Tuesday, October 23, 2018

Bible Museum Dead Sea Scrolls are Fakes

The Museum of the Bible, owned and operated by Hobby Lobby president Steve Green, recently found that five fragments of the Dead Sea Scrolls that it had on display were fakes. Given the events of the Hobby Lobby smuggling scandal not that long ago, it seems to me that it pretty much serves them right. Wealthy evangelical Christians scouring the world for Biblical artifacts has created a whole market for counterfeit items, and it sounds like the Museum of the Bible was one of the latest groups taken in.

Five fragments of the Dead Sea Scrolls, some of the Museum of the Bible’s most prized artifacts, were exposed as fakes on Monday and pulled from displays. The museum, the brainchild of evangelical Christian businessman Steve Green, opened last year in Washington near the National Mall. The pieces, subjected to scientific tests in Germany, were deemed to have “characteristics inconsistent with ancient origin,” the museum said in a statement.

“Though we had hoped the testing would render different results, this is an opportunity to educate the public on the importance of verifying the authenticity of rare biblical artifacts,” chief museum curatorial officer Jeffrey Kloha said. The Dead Sea Scrolls are a series of fragments from approximately 930 manuscripts discovered near the Dead Sea in modern Israel during the late 1940s and 1950s. Dating back to the late third century B.C. and first century A.D., the scrolls provided academics with insights into Judaism at the time Christianity was born.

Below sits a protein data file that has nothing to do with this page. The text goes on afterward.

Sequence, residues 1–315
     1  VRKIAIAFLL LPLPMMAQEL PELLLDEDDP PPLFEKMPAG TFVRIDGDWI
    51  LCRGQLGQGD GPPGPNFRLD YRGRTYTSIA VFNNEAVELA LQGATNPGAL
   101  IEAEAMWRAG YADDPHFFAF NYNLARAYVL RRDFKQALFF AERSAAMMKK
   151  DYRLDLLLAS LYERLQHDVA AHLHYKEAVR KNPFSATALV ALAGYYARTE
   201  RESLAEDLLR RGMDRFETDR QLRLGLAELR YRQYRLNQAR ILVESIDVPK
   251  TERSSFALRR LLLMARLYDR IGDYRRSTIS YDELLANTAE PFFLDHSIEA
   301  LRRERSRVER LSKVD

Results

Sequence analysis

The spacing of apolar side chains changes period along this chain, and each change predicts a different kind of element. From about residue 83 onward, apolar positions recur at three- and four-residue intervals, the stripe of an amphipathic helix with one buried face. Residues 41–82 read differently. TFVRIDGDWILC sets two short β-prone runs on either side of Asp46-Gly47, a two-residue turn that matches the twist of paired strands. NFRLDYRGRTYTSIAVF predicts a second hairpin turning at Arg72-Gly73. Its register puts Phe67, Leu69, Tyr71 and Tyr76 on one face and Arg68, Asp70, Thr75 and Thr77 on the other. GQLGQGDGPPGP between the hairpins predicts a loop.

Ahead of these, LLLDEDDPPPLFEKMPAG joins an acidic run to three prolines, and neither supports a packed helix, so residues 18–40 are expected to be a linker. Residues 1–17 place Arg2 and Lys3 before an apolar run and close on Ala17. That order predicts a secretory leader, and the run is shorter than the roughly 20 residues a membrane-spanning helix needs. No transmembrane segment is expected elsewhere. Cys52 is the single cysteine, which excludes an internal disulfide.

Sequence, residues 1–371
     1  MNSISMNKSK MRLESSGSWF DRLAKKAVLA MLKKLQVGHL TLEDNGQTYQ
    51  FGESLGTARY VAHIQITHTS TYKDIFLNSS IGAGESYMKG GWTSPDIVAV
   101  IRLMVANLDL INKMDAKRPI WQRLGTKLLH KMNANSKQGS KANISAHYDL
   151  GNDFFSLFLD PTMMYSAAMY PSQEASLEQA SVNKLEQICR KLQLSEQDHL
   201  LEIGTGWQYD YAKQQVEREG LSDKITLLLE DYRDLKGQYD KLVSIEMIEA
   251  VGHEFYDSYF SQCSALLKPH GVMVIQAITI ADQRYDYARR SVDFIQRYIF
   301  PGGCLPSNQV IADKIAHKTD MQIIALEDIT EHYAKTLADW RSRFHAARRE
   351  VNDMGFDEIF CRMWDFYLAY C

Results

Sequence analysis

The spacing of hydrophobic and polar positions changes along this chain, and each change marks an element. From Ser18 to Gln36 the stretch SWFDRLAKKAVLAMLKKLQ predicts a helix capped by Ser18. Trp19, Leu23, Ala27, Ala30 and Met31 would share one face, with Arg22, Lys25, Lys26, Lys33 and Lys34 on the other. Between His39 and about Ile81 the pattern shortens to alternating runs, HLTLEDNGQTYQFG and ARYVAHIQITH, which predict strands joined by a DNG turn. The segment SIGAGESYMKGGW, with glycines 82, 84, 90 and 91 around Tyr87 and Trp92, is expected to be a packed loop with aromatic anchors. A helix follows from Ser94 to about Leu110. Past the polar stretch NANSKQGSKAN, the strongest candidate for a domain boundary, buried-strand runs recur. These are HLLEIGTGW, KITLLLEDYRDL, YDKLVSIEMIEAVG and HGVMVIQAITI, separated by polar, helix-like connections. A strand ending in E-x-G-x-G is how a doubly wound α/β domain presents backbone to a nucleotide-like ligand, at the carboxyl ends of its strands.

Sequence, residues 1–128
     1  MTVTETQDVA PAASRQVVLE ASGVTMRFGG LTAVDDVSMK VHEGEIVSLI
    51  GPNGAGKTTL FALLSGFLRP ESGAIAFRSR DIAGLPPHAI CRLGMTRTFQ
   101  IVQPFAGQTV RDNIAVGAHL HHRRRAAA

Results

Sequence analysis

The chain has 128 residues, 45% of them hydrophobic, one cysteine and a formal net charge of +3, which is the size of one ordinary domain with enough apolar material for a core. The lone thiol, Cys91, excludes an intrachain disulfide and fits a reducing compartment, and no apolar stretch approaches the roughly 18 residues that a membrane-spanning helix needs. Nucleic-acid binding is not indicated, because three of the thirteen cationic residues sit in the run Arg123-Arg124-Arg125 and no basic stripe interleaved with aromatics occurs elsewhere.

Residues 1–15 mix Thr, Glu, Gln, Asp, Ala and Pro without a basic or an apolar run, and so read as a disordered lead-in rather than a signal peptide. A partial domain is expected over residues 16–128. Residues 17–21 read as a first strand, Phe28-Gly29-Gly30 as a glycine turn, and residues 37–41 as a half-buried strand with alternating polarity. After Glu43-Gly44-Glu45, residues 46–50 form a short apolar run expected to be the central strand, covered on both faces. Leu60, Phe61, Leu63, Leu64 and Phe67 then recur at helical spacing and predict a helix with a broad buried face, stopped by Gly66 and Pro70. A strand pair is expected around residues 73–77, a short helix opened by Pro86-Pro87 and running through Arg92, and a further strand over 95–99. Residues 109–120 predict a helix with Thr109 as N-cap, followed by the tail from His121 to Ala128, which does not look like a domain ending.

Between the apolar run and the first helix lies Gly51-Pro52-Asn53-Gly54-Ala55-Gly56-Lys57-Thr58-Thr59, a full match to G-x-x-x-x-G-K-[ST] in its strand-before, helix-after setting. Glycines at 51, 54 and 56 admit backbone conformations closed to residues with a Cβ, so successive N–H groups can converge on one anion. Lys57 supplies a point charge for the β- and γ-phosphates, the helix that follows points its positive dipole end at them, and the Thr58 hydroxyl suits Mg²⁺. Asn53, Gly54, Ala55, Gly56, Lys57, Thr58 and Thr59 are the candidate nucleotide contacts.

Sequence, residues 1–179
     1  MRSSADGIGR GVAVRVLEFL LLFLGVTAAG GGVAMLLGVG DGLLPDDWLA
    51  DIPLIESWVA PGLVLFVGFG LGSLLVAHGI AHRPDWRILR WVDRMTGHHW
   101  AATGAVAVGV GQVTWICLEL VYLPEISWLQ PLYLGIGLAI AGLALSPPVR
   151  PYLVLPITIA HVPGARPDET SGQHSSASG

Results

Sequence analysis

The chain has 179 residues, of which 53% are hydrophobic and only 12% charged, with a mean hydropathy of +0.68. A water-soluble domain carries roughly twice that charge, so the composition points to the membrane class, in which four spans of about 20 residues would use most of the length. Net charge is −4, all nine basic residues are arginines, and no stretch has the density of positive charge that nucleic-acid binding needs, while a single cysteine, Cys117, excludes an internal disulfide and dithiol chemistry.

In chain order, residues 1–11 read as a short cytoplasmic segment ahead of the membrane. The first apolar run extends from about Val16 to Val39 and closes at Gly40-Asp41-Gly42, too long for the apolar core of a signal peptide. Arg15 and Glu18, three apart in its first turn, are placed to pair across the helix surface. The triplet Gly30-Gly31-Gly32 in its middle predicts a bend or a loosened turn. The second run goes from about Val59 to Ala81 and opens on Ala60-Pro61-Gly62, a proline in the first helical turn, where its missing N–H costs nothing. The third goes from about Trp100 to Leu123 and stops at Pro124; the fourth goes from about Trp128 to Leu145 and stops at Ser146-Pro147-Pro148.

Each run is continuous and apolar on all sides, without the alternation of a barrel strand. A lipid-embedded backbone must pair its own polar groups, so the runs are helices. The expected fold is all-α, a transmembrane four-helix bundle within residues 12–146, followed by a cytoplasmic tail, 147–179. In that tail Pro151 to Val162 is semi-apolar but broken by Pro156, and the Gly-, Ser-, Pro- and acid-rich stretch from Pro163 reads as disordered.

Doubts were raised as to the authenticity of the fragments held by the museum prior to its opening, due to a soaring increase in forgeries designed to fool wealthy American evangelical Christians, such as Green. Experts estimate that as many as 70 forged fragments of scrolls have been traded on the antiquities market since 2002, according to CNN. The museum said it would swap the fakes with three other fragments (but even those may not be real).

While I don't really believe in the idea of "karma" as the New Agers explain it, this is one of the problems inherent to buying items on the black market. The people you are dealing with are already criminals, so it really doesn't seem that much of a stretch to figure that they don't care whether an item is real or not as long as they get paid. Furthermore, they might just go ahead and forge the items themselves, counting on buyer cluelessness to line their pockets.

Either the Museum of the Bible needs to get more qualified experts to validate their purchases, or better still, get out of buying black market antiquities altogether. The countries they are effectively raiding in order to build their collection will thank them.

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